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Narrative Therapy and the Nature Of “Innovative Moments” in the Construction of Change

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In the narrative metaphor of psychotherapy, clients transform themselves by changing their life stories. According to White and Epston (1990), the construction of change occurs from the expansion of unique outcomes—or innovative moments, as we prefer to call them—that is, the development of episodes outside the problem-saturated narrative. Unique outcomes operate as exceptions to the rule (i.e., to the problem-saturated story) that can be changed to a new rule (i.e., a new narrative). We suggest that some forms of unique outcomes can operate as shadow voices (Gustafson, 1992) of the problem-saturated story, allowing a temporary release from the problem, but facilitating a return to it. In our view, there is a particular type of unique outcome—reconceptualization—that facilitates sustained change. This kind of innovation facilitates the emergence of a meta-level perspective about the change process itself and, in turn, enables the active positioning of the person as an author of the new narrative.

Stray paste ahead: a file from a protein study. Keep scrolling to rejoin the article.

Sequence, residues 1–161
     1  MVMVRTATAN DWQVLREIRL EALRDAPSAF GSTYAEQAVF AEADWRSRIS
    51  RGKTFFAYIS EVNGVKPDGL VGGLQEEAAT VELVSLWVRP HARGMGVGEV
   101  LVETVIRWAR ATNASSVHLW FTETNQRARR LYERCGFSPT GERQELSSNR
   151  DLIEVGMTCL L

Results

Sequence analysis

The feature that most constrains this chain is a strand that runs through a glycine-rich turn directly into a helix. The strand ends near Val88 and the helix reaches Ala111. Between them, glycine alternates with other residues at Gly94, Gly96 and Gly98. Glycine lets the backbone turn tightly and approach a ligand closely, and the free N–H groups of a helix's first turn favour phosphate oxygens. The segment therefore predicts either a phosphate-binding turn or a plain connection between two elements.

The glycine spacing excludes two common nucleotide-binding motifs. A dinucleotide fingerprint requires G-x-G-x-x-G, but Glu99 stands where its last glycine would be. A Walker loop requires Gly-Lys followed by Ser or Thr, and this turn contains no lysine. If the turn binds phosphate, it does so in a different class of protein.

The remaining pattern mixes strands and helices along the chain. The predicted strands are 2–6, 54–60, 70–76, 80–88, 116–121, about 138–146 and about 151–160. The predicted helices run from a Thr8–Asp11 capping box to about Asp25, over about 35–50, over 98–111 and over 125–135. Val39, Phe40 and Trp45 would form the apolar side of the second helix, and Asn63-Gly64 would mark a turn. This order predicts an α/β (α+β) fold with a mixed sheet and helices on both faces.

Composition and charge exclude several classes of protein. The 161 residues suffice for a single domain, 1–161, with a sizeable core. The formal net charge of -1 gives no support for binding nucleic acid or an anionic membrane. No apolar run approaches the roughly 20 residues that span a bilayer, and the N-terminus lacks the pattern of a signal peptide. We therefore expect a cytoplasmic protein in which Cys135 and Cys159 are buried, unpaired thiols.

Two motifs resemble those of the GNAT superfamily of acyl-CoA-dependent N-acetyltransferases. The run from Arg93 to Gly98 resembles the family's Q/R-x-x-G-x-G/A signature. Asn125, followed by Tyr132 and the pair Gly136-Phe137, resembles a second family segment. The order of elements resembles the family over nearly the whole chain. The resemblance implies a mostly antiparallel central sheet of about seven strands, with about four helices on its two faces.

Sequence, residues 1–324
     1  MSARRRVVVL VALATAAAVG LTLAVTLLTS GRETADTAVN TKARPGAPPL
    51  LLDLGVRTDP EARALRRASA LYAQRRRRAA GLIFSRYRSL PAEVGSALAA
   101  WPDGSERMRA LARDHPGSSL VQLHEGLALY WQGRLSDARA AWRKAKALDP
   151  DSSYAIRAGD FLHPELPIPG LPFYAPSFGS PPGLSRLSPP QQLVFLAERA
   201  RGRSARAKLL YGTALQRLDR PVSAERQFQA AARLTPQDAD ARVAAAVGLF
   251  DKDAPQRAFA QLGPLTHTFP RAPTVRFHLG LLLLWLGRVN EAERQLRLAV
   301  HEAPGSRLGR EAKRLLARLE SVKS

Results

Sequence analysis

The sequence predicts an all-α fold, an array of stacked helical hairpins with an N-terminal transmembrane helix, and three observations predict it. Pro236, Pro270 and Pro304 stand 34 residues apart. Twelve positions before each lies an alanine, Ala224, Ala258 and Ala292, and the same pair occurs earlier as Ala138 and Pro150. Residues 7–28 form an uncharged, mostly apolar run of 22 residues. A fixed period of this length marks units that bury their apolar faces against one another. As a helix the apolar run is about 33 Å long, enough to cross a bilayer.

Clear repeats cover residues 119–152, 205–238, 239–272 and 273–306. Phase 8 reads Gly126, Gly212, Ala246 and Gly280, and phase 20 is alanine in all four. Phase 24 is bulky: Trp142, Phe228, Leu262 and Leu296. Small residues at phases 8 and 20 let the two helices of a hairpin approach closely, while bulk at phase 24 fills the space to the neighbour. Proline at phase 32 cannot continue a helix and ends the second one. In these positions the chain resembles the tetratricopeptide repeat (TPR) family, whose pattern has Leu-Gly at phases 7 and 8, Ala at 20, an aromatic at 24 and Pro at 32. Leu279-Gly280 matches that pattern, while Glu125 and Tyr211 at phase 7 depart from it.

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Document Type: Research Article

Affiliations: University of Minho, Portugal

Publication date: January 1, 2009

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